Veteran freediver Darren Shields exchanged his speargun for a camera on a recent trip, and found it be as challenging – and rewarding – as spearing fish...
On a recent trip to the Bay of Plenty (which is quickly becoming the Bay of Depletion), I took along my little stills underwater camera and was lucky enough to find a gathering of scorpion fish – or ‘granddaddy hapuku’ as they are also known. These are often discarded by anglers, but cooked the right way, they have a similar flavour to crayfish. However, handling them the wrong way can end in lots of pain. They have some nasty toxic spines, especially behind the anal area. This big spine catches out many careless handlers, resulting in an injury that can bring a grown man to tears for a couple of hours.
The group I found appeared to be in mating mode. The water was relatively shallow at around 14 metres, and they were on a sand edge where it was quite clear. There was a bit of current which meant kingfish, maomao and even a small group of tuna passed through (we think this could have been small southern bluefin). It all made for an exciting dive.
The scorpions took exception to me invading their privacy, one opening its mouth and making a threatening approach on several of the dives I made to capture a few pictures. I got really lost in the challenge. I wanted to capture what they were doing and their colours but was well aware I could easily disturb them and have them swim off. The situation required very slow descents and ascents, then quietly laying on the bottom right beside them.
It was great fun trying to get as close as possible to the scorpion fish without disturbing them. The colours were beautiful.
It meant long breath holds. To do this, I lay very, very still on the surface, giving my body plenty of time to reoxygenate after each dive.
It’s particularly important, if you are learning to free dive, that you take time on the surface. Rushing the dive is a common error among new divers especially. Slow right down and relax. It’s better to do one long dive than three very quick ones with no bottom time. You will also scare all the fish away as your movements will be fast and erratic.
The scorpions did seem to get used to me after a bit and some wouldn’t even flinch with me up close. It was such a buzz and you can see some reasonable photos despite my limited ability and basic camera.
Earlier in the day I tried taking photos of golden snapper. They live deeper and beneath overhangs. This adds a few challenges, light being the main one. You need some natural light when shooting with basic cameras.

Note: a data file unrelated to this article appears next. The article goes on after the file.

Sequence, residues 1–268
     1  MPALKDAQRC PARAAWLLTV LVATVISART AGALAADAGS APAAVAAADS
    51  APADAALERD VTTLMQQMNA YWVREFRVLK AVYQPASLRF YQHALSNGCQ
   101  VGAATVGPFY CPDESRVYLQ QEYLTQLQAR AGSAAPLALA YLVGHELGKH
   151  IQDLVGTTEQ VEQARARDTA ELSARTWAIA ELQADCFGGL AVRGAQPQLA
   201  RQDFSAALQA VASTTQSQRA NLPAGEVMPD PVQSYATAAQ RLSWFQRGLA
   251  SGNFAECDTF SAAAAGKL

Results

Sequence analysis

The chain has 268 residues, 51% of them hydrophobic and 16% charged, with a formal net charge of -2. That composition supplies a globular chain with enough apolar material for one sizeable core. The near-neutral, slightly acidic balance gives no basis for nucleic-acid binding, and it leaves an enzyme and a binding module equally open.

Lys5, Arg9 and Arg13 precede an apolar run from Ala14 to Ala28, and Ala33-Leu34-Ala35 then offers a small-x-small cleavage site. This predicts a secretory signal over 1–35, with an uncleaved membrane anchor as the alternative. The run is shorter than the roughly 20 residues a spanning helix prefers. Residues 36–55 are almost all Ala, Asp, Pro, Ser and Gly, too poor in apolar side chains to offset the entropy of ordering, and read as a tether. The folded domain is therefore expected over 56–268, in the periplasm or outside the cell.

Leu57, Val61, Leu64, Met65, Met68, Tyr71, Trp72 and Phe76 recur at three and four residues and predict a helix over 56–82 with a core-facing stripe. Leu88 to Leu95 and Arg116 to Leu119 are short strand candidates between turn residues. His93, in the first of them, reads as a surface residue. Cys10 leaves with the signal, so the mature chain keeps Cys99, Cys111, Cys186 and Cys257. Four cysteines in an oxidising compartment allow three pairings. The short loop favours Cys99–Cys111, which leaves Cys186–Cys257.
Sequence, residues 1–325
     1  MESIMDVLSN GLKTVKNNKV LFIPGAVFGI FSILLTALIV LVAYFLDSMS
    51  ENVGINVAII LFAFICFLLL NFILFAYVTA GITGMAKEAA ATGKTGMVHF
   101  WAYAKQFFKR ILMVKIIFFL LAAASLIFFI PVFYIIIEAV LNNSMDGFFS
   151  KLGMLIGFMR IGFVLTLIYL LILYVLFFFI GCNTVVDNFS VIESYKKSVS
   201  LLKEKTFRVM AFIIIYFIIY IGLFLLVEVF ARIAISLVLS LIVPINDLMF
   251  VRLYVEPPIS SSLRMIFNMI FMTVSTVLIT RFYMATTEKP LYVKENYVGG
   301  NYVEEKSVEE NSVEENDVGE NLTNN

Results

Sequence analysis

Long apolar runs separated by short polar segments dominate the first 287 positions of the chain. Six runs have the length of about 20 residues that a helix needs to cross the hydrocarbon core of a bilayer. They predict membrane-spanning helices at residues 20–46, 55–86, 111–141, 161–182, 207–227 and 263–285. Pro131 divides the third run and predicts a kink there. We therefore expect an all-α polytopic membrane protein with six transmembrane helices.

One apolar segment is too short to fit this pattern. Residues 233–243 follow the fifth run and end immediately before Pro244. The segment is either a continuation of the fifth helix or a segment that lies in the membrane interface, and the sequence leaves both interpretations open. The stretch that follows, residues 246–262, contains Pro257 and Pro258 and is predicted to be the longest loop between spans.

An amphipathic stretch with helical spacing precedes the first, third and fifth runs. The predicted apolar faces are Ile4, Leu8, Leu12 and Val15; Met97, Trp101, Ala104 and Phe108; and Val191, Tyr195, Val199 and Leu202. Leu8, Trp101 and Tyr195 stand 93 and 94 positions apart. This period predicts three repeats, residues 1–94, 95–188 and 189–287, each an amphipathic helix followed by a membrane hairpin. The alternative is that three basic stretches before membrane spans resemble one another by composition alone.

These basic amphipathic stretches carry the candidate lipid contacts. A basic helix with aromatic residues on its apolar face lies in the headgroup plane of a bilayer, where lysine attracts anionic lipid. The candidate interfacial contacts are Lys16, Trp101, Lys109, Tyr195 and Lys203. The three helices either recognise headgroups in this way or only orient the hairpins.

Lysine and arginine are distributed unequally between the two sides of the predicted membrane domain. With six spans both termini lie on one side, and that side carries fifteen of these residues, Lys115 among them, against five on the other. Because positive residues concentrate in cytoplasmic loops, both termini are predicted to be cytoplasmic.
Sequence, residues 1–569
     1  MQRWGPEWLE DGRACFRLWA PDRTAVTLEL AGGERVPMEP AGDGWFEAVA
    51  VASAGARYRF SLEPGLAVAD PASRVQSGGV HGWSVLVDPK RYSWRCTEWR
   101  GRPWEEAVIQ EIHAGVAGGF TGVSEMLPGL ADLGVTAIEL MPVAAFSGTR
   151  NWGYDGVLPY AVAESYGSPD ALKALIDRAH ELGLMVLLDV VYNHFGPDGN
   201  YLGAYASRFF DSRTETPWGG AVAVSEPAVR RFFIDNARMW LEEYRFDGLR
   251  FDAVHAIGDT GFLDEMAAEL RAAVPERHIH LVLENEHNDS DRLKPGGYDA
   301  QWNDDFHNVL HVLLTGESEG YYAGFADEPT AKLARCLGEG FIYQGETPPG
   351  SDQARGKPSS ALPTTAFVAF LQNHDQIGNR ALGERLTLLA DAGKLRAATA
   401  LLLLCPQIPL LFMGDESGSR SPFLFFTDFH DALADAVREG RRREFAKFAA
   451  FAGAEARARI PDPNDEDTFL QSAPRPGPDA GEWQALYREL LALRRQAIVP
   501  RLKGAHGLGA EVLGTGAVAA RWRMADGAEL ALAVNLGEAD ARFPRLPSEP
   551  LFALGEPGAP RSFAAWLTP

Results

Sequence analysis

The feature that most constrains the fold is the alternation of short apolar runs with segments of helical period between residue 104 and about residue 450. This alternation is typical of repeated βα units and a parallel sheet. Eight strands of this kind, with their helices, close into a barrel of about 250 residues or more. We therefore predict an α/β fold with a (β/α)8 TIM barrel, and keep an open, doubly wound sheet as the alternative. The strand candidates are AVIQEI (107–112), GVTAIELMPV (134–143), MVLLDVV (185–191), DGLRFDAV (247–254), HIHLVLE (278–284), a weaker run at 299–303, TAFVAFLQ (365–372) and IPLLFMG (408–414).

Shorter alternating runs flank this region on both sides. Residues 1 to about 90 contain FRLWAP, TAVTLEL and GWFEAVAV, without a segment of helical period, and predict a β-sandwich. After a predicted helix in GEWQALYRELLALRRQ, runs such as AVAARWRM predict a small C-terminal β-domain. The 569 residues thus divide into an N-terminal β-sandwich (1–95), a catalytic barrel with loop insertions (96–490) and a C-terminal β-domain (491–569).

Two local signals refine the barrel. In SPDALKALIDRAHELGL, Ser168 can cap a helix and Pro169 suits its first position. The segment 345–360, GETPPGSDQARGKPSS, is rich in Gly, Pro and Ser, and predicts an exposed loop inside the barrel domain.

Golden snapper are hard photo subjects as they live deep and beneath overhangs.
The other issue was that I was taking the camera past its recommended depth, resulting in the camera sending me warnings and making it slower to take photos. I managed a few but there were plenty that had to be deleted.
I also took the time to try for shots of the other divers I was with to record the fish they speared underwater.
This is one of the hardest things with a point-and-shoot camera. It’s never in focus, and trying to coordinate with your mate underwater to get the right shot doesn’t often happen as you want it to. I find it easier to get a really good shot back on the boat with my iPhone.
It can be hard to get a good clear photo of a diver and their fish underwater.
For these shots you need to ensure the light is shining on the person and the fish, and that you ‘fill the frame’ by getting as close as possible. The person and the fish are the heroes – you don’t need all the background in the frame! You should also look for things like a fishing rod behind the person – clear that sort of stuff out of the photo to leave a clean background. Wash the blood off the fish and show the side with the least damage.
The thing we all want is a day of adventure and challenge. Once you have speared your dinner, a camera is an effective way to fix that itch. The challenge in taking the right photo can be far harder than spearing a fish. It can also be more rewarding if you end up with a great photo for the wall or capture that one shot of a rarely-seen fish. It also means you can target species you normally wouldn’t with a gun, giving you plenty of new challenges.
Why don’t you invest in a cheap point-and-shoot camera, and challenge yourself to see how many species you can capture on film in one day’s diving – perhaps 25, even 30 species? Give it a shot!
March 2022 - Darren Shields
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